Russian manufacturing conditions worsen the most since summer 2009 in January – HSBC

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MOSCOW. Feb 3 (Interfax) – Business conditions facing Russian manufacturers continued to worsen at the start of 2014, PMI data from HSBC show.

The overall deterioration in the sector was the most substantial since June 2009, with declines registered for output, new orders, exports, employment and purchasing, HSBC said in a research note.

Meanwhile, inflationary pressures remained historically weak overall, despite the impact of the weaker ruble feeding through to import prices.

The survey’s headline figure is the HSBC Purchasing Managers’ Index(PMI) – a composite indicator designed to give a single-figure snapshot of operating conditions in the manufacturing economy. The PMI registered below the 50.0 no-change threshold for the sixth time in seven months in January, indicating an ongoing downturn in business conditions in the Russian goods-producing sector. Moreover, the PMI declined from 48.8 to 48.0, the lowest reading since June 2009.

New orders continued to decline marginally in January, amid reports of weak underlying demand. The rate of contraction accelerated slightly to the fastest since July 2011, and international demand continued to weigh on total inflows of new work as new export business fell for the fifth month running. The current sequence of declining new export orders is the joint-longest in over four years.

Manufacturing output declined for the second time in seven months in January. The rate of contraction was moderate overall, but nonetheless the strongest registered since May 2009. Although output fell during the month, backlogs of work continued to drop sharply.

Russian goods producers shed staff for the seventh month in a row in January. Employment in the sector has now fallen 14 times in the past 15 months. That said, the rate of decline slowed from December’s 52- month record in the latest period.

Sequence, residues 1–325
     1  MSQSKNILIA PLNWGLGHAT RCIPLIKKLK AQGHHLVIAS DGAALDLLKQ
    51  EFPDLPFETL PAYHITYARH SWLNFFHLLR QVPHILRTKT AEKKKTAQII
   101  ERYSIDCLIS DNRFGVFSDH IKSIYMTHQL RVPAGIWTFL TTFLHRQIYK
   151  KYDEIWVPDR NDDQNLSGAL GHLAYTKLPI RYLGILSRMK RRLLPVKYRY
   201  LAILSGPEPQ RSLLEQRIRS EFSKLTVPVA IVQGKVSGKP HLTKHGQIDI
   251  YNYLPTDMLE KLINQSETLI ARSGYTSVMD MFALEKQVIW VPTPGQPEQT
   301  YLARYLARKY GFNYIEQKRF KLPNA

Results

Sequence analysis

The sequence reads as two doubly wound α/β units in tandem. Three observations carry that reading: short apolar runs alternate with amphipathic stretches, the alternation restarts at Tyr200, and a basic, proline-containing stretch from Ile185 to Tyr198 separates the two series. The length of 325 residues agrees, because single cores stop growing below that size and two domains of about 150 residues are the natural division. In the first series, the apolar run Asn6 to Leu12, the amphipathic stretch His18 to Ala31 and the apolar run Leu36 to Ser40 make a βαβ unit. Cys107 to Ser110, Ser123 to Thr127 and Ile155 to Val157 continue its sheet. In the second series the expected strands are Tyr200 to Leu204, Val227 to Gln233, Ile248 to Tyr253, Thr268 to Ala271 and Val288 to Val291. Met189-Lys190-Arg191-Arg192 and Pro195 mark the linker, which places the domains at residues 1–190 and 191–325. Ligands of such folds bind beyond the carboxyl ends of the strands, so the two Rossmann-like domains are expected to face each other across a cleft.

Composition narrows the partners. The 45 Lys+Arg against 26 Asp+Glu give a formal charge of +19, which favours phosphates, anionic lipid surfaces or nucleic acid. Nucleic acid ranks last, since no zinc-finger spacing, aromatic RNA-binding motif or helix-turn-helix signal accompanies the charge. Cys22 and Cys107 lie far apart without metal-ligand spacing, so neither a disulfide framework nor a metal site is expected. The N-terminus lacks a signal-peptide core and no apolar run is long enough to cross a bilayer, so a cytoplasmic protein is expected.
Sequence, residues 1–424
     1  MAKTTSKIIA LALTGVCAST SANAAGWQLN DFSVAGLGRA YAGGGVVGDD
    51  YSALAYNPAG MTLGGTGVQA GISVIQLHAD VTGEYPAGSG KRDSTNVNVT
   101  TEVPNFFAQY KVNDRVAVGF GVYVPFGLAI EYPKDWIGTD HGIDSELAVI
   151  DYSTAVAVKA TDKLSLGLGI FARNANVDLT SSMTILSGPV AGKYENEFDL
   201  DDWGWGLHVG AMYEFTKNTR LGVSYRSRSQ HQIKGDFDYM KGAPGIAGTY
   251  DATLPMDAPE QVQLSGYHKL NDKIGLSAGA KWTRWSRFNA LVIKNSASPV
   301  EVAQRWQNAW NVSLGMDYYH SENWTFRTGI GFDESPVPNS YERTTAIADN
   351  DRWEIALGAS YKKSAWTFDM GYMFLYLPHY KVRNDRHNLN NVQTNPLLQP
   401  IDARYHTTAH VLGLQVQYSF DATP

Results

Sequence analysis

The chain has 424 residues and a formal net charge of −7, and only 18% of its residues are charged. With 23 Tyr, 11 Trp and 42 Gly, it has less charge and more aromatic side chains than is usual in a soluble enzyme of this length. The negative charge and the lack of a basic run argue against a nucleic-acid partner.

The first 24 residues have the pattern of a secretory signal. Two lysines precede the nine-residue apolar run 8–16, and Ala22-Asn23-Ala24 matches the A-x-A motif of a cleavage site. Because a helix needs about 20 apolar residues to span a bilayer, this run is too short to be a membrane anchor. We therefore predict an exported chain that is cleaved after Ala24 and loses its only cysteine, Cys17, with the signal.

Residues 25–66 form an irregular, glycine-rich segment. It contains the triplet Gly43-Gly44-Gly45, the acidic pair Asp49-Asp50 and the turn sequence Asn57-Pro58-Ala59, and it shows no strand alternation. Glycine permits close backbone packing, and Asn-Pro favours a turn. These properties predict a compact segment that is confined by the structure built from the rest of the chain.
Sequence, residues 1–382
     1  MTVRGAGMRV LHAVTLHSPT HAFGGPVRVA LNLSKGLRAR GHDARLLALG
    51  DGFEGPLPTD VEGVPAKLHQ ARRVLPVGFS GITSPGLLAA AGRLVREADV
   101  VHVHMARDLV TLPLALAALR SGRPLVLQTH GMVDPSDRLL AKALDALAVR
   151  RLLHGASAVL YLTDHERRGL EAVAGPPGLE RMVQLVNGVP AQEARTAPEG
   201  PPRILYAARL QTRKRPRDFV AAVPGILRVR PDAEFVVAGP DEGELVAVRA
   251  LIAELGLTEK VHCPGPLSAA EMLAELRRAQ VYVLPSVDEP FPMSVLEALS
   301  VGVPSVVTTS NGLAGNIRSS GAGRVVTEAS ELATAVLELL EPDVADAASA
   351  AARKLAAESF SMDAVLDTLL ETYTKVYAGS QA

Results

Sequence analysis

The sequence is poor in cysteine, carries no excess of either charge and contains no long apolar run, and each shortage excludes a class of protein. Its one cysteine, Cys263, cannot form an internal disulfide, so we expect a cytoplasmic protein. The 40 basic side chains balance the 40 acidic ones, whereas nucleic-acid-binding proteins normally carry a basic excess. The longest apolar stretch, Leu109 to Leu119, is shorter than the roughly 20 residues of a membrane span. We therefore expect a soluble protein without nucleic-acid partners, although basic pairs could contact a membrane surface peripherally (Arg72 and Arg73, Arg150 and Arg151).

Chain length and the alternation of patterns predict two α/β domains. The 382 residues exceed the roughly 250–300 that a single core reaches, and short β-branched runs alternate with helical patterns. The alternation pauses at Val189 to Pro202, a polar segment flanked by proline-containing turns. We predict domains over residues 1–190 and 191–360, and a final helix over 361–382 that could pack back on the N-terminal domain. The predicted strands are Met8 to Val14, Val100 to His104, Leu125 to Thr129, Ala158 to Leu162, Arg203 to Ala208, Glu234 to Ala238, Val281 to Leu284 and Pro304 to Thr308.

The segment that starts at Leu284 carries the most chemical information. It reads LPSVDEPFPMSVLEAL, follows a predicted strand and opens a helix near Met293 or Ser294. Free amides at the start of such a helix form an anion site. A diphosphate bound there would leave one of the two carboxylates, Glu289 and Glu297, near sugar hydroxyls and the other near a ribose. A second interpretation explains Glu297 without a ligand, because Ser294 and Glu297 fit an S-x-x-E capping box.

Purchasing of new inputs by manufacturers declined at the sharpest pace since May 2009, contributing to the equal-greatest improvement in suppliers’ delivery times in the survey history. Meanwhile, stocks of purchases declined at the fastest rate in over four years.

Average input prices rose in January, partly linked by firms to the weaker ruble. This contributed to higher prices charged for final manufactured goods. Overall, however, inflationary pressures remained relatively weak.

“Manufacturers started the year on a minor note, the January HSBC Russia Manufacturing PMI survey found. Indeed, all key economic activity indicators point to a broad-based contraction. Notably, manufacturing output decreased for the first time since July last year. In conjunction with the reported decline in new orders, ongoing cuts in staffing, faster suppliers’ delivery times and a stronger rise in output prices, the overall picture in manufacturing looks pretty gloomy,” Alexander Morozov, Chief Economist (Russia and CIS) at HSBC, was quoted as saying.

“Importantly, consumer goods producers reported falling output levels for the first time in many months. Apparently, a sharp moderation of demand growth caught them by surprise, forcing them to increase their inventories for now. Intermediate goods producers got some support from growth in export demand that allowed them to increase output amid declining domestic demand,” he said.

“Generalising the January PMI results, we see the Russian economy losing its key driver- private consumption growth. Investment demand has not recovered yet to become a new growth driver, while export demand for intermediate goods is not strong enough to offset weakness in the two other sectors.”

“It follows that surprisingly benign official industrial growth data for December, indeed for 2013 as a whole, will unlikely be sustained in the beginning of 2014. Manufacturers face a serious risk of recession in the coming months, we think. Partial import substitution on the back of a weaker currency and improvement in export demand could mitigate this risk,” Morozov said.”